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Swaziland: Whether or not the Swazi army can enter South Africa and forcibly remove a Swazi citizen without interference from South African authorities if acting on behalf of Swazi tribal chiefs; whether a long stamp appearing in a Swazi passport allows the Swazi army or government officials to pass into South Africa; whether this stamp also allows South African officials to enter Swaziland (2004-2006)

Publisher Canada: Immigration and Refugee Board of Canada
Author Research Directorate, Immigration and Refugee Board of Canada, Ottawa
Publication Date 14 February 2006
Citation / Document Symbol SWZ101070.E
Reference 5
Cite as Canada: Immigration and Refugee Board of Canada, Swaziland: Whether or not the Swazi army can enter South Africa and forcibly remove a Swazi citizen without interference from South African authorities if acting on behalf of Swazi tribal chiefs; whether a long stamp appearing in a Swazi passport allows the Swazi army or government officials to pass into South Africa; whether this stamp also allows South African officials to enter Swaziland (2004-2006), 14 February 2006, SWZ101070.E, available at: http://www.refworld.org/docid/45f147a72f.html [accessed 23 July 2014]
DisclaimerThis is not a UNHCR publication. UNHCR is not responsible for, nor does it necessarily endorse, its content. Any views expressed are solely those of the author or publisher and do not necessarily reflect those of UNHCR, the United Nations or its Member States.

Information regarding whether or not the Swazi army can enter South Africa and forcibly remove a Swazi citizen without interference from South African authorities if acting on behalf of Swazi tribal chiefs was scarce among the sources consulted by the Research Directorate. According to an official from the Embassy of the Kingdom of Swaziland in Washington, DC, the Swazi army cannot enter South Africa and forcibly remove a Swazi citizen without interference from South African authorities nor can they proceed as such if they are acting on behalf of Swazi tribal chiefs (7 Feb. 2006). The official specified that legally it was not possible and that practically he had never heard of such a situation occurring (Swaziland 7 Feb. 2006). On the same subject, a consular officer of the South African high commission in Ottawa stated, in a telephone interview of 9 February 2006, that she was not aware of whether such practices were allowable under law.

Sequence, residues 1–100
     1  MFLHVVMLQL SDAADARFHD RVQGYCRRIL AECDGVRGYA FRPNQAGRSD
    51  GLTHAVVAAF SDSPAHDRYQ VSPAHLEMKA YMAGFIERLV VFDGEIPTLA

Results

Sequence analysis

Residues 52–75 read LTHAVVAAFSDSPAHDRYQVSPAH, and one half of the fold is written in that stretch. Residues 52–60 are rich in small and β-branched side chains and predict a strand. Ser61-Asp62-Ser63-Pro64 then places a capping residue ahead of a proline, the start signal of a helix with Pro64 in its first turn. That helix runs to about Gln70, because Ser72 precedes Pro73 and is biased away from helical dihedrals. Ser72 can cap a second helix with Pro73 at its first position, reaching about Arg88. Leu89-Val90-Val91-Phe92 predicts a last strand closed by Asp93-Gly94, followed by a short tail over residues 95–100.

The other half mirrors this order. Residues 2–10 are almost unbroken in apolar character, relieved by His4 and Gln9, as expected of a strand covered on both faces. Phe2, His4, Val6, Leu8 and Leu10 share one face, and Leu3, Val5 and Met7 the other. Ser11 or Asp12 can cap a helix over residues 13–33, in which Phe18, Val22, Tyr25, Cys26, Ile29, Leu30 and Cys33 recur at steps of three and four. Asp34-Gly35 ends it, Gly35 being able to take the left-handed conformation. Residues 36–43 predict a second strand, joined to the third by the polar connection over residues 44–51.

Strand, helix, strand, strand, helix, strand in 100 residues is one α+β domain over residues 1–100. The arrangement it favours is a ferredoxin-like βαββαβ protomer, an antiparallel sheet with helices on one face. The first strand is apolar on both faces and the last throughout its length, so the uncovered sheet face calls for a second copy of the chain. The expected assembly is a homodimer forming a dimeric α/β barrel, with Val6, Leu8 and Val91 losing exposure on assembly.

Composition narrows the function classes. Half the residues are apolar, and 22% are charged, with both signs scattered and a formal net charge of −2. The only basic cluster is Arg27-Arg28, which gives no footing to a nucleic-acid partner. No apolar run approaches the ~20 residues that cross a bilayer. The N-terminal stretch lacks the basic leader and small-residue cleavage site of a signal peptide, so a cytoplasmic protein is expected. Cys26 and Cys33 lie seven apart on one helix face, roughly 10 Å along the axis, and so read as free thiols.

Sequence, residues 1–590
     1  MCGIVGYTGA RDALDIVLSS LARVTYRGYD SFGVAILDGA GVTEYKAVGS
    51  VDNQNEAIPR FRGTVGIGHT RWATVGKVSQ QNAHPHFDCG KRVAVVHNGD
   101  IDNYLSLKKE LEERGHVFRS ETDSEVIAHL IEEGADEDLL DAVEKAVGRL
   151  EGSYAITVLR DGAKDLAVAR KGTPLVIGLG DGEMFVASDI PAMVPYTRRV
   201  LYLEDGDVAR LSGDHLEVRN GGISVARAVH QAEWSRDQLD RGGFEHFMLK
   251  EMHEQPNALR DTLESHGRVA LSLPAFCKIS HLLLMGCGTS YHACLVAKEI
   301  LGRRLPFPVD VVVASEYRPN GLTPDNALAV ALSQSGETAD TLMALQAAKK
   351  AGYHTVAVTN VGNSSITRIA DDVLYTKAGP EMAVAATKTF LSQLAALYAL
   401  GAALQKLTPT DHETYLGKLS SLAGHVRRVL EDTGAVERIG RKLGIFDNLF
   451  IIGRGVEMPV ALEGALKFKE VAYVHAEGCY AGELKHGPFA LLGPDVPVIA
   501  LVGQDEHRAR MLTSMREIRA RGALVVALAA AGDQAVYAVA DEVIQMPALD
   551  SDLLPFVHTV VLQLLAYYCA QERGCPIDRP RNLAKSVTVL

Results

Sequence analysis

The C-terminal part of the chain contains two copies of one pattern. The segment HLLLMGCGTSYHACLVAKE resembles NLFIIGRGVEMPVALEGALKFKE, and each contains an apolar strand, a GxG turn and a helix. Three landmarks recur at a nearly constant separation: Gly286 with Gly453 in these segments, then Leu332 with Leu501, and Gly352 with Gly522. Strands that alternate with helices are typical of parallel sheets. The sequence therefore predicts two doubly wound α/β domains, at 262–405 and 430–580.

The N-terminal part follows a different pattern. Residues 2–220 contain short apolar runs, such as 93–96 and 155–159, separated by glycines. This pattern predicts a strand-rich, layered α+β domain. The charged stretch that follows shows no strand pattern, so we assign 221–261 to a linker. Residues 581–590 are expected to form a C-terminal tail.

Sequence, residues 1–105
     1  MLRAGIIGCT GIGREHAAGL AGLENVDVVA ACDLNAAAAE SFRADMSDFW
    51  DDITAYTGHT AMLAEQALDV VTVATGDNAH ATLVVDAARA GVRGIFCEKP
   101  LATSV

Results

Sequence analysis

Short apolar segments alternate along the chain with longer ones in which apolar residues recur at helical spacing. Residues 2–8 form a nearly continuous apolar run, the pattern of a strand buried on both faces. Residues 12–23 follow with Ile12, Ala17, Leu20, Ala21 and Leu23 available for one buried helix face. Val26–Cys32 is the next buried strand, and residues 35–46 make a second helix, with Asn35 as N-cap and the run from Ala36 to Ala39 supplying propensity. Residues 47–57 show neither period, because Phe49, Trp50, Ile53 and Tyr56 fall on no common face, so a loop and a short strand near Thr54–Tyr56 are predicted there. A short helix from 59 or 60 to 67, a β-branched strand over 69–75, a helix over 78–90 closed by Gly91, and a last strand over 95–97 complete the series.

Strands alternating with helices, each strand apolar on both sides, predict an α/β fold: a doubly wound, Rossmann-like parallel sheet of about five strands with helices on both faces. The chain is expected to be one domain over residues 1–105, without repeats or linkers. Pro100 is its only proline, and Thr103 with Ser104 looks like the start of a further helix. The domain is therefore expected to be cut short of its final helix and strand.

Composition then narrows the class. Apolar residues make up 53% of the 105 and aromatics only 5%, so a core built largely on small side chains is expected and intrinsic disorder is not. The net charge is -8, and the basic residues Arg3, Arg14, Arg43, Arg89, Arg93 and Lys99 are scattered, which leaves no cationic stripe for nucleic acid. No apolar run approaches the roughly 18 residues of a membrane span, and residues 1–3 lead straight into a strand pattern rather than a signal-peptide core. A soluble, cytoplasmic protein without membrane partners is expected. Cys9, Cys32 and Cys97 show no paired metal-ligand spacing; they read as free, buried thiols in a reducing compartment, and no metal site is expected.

Swazi citizens do not require visas to enter South Africa (South Africa 9 Feb. 2006). Normally, a passport is marked with a round stamp on entering South Africa and a square stamp on exiting; however, it could happen that there would be no mark made in either case, depending on the practice of any particular customs officer (ibid.). The same practices regarding passports apply to passports of officials from the Swazi army or from the government who enter South Africa (ibid.). The consular official stated that she did not know if there were any military agreements between the two countries regarding apprehension of Swazi citizens in South Africa by members of the Swazi army (South Africa 14 Feb. 2006).

No information as to the significance of a long stamp appearing in a Swazi passport could be found among the sources consulted by the Research Directorate.

This Response was prepared after researching publicly accessible information currently available to the Research Directorate within time constraints. This Response is not, and does not purport to be, conclusive as to the merit of any particular claim for refugee protection. Please find below the list of additional sources consulted in researching this Information Request.

References

South Africa. 14 February 2006. High Commission of the Republic of South Africa in Ottawa. Telephone interview with a consular official.
_____. 9 February 2006. High Commission of the Republic of South Africa in Ottawa. Telephone interview with a consular official.

Swaziland. 7 February 2006. Embassy of the Kingdom of Swaziland in Washington, DC. Telephone interview with an official.

Additional Sources Consulted

Oral sources: Attempts to contact the Ministry of Defence and the Ministry of Foreign Affairs of the Kingdom of Swaziland and the Ministry of Defence and the Ministry of Home Affairs of the Republic of South Africa were unsuccessful. The Embassy of the Republic of South Africa in Washington, DC, Lawyers For Human Rights – Swaziland (LHR-S), and the Royal Swaziland Police Service did not provide information within the time constraints of this response.

Internet sites, including: Embassy of the Republic of South Africa in Washington, Law Society of South Africa, Ministry of Defence of the Kingdom of Swaziland, Ministry of Foreign Affairs of the Kingdom of Swaziland, Swaziland High Commission of Ottawa.

Copyright notice: This document is published with the permission of the copyright holder and producer Immigration and Refugee Board of Canada (IRB). The original version of this document may be found on the offical website of the IRB at http://www.irb-cisr.gc.ca/en/. Documents earlier than 2003 may be found only on Refworld.

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